Building a Culture of Sales Accountability
When we talk with CEOs about sales accountability at their companies, we usually hear stories about sales quotas, activities monitored, and how the sales team is either performing or falling short. We rarely hear about how their sales managers actually use the data they track during coaching conversations with individual team members. And we almost never hear about how those conversations change when a salesperson struggles week after week, month after month, and quarter after quarter. Or in some cases, year after year.
Here are some questions for you to think about as you consider whether or not you have a culture of sales accountability at your company:
- How do conversations change when your sales managers are working with a low performer?
- Do your sales managers increase or decrease the coaching frequency with a low performer?
- Do they drill down beyond the numbers to the root cause? Are they capable of coaching to that cause? For example, does the conversation shift from “you’re not getting enough appointments….” to “let’s look at who you’re targeting and practice how to engage them more effectively.”
- How are you, as CEO, monitoring the time your sales managers spend with high performers versus low performers? Do high performers get more attention than sales people who struggle?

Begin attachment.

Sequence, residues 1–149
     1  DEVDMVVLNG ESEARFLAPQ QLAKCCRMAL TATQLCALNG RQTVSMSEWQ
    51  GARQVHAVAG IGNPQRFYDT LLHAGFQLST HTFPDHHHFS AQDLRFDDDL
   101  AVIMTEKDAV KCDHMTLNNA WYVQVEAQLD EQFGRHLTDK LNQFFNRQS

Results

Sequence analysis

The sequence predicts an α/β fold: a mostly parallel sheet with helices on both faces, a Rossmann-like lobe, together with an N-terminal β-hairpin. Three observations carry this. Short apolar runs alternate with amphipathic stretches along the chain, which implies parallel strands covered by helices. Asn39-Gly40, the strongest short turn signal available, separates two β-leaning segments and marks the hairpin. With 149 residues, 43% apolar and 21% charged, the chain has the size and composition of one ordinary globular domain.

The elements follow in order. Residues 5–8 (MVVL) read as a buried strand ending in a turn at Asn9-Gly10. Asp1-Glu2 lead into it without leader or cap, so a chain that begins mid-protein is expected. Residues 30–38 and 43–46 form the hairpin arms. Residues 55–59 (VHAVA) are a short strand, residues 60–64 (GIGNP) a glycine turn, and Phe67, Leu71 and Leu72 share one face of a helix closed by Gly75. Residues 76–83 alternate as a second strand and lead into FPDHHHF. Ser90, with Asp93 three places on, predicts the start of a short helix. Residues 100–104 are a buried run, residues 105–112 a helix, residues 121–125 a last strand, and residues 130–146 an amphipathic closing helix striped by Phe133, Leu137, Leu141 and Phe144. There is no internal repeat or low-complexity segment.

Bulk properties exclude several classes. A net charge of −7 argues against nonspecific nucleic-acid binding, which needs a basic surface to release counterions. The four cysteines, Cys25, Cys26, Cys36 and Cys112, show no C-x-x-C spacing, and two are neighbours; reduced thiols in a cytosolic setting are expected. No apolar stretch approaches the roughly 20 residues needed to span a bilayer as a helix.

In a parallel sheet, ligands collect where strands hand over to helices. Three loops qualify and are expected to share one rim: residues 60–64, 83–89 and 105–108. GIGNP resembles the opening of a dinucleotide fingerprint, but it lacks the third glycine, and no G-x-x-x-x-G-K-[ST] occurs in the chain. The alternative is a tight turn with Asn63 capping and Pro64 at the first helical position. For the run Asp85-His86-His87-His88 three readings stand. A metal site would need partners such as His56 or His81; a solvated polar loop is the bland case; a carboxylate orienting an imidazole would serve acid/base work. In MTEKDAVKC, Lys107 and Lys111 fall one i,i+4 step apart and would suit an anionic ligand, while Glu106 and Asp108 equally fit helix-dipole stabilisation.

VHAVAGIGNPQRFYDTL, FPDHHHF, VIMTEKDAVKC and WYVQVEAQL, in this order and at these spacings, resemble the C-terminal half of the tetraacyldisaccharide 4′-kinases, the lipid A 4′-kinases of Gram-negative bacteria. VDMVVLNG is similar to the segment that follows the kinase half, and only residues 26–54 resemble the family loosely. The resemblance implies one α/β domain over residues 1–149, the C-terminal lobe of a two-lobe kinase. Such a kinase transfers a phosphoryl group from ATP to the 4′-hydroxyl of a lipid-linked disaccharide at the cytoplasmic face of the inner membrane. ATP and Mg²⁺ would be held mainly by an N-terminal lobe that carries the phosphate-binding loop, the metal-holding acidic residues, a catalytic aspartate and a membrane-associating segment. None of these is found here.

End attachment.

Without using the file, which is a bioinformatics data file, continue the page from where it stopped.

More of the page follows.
- How are you, as CEO, monitoring the quality of their coaching conversations and reviewing what they are discussing?
Here’s the hard truth. It's easy to coach when salespeople are performing. It becomes much harder when salespeople are struggling.
- Why? Because sales managers are prone to give second chances (and 3rd, 4th, and 5th chances) for a struggling salesperson to improve.
- Why? There are several reasons but the biggest issue – and the issue that gets the least attention in my opinion – is because most sales managers aren't very good at hiring new salespeople. In fact, they really suck at it.
Frankly, it’s easier to keep giving struggling salespeople another chance than to go through the hassle of finding, interviewing, and onboarding a new salesperson. So instead of working through the tough coaching conversations required to improve performance, it’s easier to just tolerate mediocre results and offer encouragement. Sales managers rationalize this with phrases like, "Well, they'll get better as soon as they get past this trade show" or "If they can just close this large deal, their pipeline's right back on track." It's more of a hope than an actual reality.
What can you do if your salespeople aren’t performing? We recommend implementing a system for coaching and accountability. But that is only part of the picture. We also recommend implementing an effective sales hiring system that allows sales managers to build a virtual bench of high performing salespeople.
Do your sales managers have a system that allows them to maintain a constant search for high performing salespeople while investing minimal time and effort in the process? What would they do differently if they had a constant flow of high performing sales candidates coming to them that they can screen efficiently? How would this change the dynamic of their coaching conversations with lower performing sales people? Would it give them the freedom to comfortably move on from a struggling salesperson who's not accepting coaching and is not committed to improving their performance? What would your revenue look like next year if you had these types of systems in place?